DRIVEN DOWN

Almost as soon as he lifted the airplane above the grove beyond that
cornfield, Bob recovered his wind and his confidence.

Al, of a more nervous type, was still trembling in his after-cockpit
seat, but his excitement was changing from that of the recent adventures
to the thrill of sky-riding at night with his brother. There was not
only the elation of the climb to keep his nerves quivering; also there
was the uncertainty of what might happen because of Bob’s lack of skill
and experience.

Climbing steadily until he was over five hundred feet above the earth,
Bob felt none of his brother’s uneasiness or excitement. He was
confident that he could control the airplane as far as straight flying
was concerned; his only difficulty would be the landing, not the easiest
thing for a skilful pilot unless a signal could be given that would make
the plant watchman illuminate the small field.

Bob, making a long swing, banked gently, to head back for the plant,
calmly considered the elements of the situation and tried to plan, as
well as he could, how to meet whatever came up.

Al, giving more attention to sky and earth, as they straightened their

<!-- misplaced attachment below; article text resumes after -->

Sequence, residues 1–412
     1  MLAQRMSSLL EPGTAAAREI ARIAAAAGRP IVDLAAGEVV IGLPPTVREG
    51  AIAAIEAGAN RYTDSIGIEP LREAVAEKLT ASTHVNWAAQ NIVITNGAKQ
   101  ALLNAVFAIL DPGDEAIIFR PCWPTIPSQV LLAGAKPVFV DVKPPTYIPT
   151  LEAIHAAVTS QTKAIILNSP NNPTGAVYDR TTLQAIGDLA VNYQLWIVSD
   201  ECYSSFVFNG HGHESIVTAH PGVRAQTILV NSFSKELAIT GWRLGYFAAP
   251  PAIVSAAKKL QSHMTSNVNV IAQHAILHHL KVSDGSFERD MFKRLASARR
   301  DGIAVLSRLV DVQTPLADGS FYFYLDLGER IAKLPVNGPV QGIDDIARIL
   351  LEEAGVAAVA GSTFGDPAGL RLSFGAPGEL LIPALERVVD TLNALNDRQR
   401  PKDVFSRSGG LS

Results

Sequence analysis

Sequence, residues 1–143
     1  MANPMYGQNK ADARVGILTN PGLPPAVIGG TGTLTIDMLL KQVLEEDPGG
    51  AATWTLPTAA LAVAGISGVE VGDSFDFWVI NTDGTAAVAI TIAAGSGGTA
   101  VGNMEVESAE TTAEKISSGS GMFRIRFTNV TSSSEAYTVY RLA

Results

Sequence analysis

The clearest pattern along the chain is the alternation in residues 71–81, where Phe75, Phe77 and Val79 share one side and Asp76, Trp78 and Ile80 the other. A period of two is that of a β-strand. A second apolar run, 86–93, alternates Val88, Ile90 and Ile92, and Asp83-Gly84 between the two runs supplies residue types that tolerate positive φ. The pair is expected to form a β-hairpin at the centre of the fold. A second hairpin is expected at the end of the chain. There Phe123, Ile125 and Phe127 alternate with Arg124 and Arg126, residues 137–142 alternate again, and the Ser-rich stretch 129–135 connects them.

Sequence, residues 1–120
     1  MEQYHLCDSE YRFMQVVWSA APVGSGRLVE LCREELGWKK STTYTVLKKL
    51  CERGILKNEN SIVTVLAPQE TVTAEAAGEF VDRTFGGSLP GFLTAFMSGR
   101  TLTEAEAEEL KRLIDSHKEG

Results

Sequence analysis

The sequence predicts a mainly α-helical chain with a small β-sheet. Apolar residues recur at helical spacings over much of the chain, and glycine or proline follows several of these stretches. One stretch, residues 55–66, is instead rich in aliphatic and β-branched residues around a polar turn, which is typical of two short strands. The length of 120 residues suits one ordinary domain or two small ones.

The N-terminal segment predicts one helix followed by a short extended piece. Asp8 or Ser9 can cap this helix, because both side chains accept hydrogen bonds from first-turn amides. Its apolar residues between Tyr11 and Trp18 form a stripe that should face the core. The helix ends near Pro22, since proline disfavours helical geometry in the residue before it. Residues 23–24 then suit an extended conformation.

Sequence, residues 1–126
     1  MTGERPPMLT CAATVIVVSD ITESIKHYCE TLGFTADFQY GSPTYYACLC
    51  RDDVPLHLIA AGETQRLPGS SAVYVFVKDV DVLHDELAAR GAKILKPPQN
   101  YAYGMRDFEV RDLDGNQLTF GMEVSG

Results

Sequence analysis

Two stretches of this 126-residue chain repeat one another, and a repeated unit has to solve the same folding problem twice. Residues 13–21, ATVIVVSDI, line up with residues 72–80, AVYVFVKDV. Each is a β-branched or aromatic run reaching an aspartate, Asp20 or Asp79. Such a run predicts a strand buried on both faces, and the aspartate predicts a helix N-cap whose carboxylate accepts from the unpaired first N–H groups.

course, correctly pointed for the field at the plant, saw a tiny set of
glinting lights far away in the sky.

Impulsively he caught the stick of the dual control to waggle it. That
was the only way to attract Bob’s attention; but Al, in his quick way,
shook the stick and then held it pretty far to one side, and Bob, not
expecting the move and unaware at first that Al did it, felt his heart
sink for an instant, fearing that something had gone wrong with the
controls.

Al, horrified at the effect of his move, sat, tensely still, waiting for
a crash. Bob, alert, decided in a flash that he would do all he could to
avert the smash before he gave up hope. He made the necessary moves to
correct the slip.

To his delight the craft obeyed promptly, coming back into its proper
position quickly. Turning to reassure Al, Bob saw his brother violently
gesturing toward the sky to one side. As he looked Bob saw tiny lights
and knew them for the flying lights of a craft.

The explanation came at once. Al had attracted his attention to the
airplane knowing it must be the brown ‘plane. Probably the two men who
had chased Bob had contrived to tell the pilot, before he took off,
that—as they supposed—the company books were in Bob’s possession. With a
wave of his hand toward Al, reassuring him, Bob set his course for the
flying place belonging to the Tredway plant. He was being pursued by the
ship he had, recently, followed; it suited him. He would lead the ship
back there, contrive some way to attract attention, get Al to drop
flares, and then, landing, telephone all the airports nearby to identify
and stop the pilot who must eventually alight for fuel.